When I was thinking about my post for the week, I wanted to focus on discipline and dealing with the Terrible 3’s. But something happened between Thursday and Saturday that changed my life.

I saw the Dalai Lama.

In person.

 (Photo Credit)

I know that “I saw the Dalai Lama and it changed my life” may sound so cliche. But it’s so wonderfully true.

My post last week focused on trying to find happiness and share that with your children. Maybe I am at a place in my life where I have realized that I am tired of getting caught up in people’s drama, anger, impatience and frustration and realize that I need to pass along more peaceful things to my children.

You can’t explain it, but something happens when you are in the presence of the Dalai Lama. He is just the coolest man on the planet. He’s humble, funny and you hang on every word.

Don’t get me wrong, the man doesn’t have an answer for everything. When one person asked “how can we provide motivation for these young people who don’t seem to care about their future and are apathetic about life?”

He thought for a minute or two, then simply said “I don’t know!”

The long and short of it is that you will not truly be happy unless you find inner peace. That inner peace can help you let negativity blow through you like the wind, it will allow you to use more of your brain and react less with flaring temper or irrational responses.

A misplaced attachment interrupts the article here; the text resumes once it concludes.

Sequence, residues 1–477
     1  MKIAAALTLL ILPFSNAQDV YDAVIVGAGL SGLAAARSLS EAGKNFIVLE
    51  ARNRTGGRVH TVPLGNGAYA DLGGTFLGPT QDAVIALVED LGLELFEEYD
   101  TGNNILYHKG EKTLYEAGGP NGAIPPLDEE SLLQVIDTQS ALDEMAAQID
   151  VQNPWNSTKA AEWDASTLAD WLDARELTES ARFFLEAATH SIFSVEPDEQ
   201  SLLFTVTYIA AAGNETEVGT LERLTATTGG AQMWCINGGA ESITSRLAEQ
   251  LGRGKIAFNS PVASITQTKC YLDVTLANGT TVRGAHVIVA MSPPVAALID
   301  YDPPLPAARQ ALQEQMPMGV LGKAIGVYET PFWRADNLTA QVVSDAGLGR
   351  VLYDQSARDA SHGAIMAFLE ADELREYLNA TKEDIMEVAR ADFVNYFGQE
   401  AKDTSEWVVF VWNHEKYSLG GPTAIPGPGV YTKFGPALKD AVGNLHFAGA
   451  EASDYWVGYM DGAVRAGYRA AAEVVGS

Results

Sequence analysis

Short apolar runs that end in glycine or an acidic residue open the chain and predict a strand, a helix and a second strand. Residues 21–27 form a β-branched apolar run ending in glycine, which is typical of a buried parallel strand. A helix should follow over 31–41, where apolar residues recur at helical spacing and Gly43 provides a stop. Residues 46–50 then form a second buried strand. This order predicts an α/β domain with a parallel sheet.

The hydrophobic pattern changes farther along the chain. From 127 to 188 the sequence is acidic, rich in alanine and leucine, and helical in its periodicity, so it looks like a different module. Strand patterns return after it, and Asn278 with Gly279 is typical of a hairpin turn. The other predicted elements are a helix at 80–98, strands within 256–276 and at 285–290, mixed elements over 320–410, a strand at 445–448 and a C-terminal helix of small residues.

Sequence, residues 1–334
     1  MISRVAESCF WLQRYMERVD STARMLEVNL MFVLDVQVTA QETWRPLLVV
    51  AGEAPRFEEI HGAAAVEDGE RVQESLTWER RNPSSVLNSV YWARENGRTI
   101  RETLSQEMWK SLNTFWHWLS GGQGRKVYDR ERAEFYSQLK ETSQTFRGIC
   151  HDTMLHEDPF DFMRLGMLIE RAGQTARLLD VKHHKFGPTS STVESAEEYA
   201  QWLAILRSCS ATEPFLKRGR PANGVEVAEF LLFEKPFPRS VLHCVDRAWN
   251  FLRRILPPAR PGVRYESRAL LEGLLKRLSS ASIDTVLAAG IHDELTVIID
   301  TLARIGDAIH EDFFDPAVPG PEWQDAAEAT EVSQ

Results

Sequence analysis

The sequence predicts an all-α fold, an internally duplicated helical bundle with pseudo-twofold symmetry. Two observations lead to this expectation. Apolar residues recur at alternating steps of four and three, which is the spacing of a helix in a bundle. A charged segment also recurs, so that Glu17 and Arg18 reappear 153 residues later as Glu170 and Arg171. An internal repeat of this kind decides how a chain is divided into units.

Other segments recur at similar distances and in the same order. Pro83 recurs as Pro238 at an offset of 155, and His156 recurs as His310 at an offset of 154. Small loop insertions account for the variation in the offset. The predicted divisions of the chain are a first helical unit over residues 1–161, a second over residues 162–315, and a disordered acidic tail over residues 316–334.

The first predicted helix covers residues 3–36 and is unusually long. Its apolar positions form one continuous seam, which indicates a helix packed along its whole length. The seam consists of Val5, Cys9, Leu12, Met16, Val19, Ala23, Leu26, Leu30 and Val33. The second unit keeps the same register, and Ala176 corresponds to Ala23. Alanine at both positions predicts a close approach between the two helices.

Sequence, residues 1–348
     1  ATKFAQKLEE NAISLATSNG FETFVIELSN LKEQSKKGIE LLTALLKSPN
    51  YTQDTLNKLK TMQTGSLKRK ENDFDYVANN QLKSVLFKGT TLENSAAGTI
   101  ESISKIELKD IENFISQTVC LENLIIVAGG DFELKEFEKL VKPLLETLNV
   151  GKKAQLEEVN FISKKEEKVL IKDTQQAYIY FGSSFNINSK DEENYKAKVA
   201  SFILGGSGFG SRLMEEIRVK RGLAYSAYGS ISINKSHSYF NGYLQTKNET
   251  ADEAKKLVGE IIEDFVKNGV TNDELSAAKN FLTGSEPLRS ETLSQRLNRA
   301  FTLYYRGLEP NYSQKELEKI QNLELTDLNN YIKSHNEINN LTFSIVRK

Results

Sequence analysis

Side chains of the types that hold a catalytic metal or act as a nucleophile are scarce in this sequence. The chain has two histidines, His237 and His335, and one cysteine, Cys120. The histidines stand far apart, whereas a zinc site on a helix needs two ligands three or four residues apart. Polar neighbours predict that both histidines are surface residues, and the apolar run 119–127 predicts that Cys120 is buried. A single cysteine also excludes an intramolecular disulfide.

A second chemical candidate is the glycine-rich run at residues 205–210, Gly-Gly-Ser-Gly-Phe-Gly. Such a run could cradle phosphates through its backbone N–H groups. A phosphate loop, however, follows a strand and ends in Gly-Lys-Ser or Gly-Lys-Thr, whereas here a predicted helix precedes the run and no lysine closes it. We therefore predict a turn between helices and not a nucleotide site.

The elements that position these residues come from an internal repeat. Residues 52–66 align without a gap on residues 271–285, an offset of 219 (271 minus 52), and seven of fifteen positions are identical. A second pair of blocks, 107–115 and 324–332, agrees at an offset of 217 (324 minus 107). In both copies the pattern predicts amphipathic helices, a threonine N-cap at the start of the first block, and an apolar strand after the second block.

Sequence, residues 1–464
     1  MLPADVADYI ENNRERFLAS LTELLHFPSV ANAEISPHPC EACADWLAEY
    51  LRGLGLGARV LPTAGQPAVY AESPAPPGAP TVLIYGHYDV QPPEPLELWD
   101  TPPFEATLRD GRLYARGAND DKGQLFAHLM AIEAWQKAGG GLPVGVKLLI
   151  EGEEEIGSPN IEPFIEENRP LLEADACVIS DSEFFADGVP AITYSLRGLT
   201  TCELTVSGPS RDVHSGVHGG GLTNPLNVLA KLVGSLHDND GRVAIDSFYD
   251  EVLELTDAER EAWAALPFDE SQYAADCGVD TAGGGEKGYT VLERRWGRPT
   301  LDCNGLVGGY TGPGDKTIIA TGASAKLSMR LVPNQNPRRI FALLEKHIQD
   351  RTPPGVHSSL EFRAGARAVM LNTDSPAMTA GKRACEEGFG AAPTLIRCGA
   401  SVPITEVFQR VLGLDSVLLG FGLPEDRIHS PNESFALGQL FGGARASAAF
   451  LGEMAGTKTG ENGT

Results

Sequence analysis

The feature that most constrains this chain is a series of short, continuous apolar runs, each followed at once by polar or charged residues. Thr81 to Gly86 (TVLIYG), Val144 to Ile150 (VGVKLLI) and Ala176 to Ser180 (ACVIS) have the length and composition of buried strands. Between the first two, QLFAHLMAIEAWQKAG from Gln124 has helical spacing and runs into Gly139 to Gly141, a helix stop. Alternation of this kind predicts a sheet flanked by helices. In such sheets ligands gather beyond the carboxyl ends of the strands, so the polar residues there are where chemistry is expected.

It’s finding your inner peace that is the hard part.

What I walked away with was how to try to incorporate your goal of finding inner peace in your daily life.

Every morning, deliver a mantra to yourself. Not something that is canned saying or prayer that you don’t really believe in the meaning. The mantra doesn’t have to be religious or spiritual. Just something that expresses your belief of what kind of person you want to be, how you want to live your life.

Mean it when you say it to yourself.

Then, before bed, reflect on your day. Did you lose your patience? Did you judge someone? Did you act in ways that were against your mantra?

Don’t be too critical of yourself, but take in what mistakes you made and how you will work on not letting that happen again. Be realistic.

The words of the Dalai Lama rang so true to me. He recounted stories of meeting people all over the world with wealth, education, elite lifestyles, but who were unhappy.

Happiness does not come from things. Happiness does not come from gossiping about others to feel better about yourself. Happiness does not come from winning arguments or competitions.

Happiness comes from within. And I know that I found this entire experience very timely for me. I needed to hear that I am not helplessly and hopelessly bringing my children up in a world filled with hate and violence . We can overcome negativity but we need to start with ourselves.

I will try to find my own inner peace for me, my wife, my children and the world around me.



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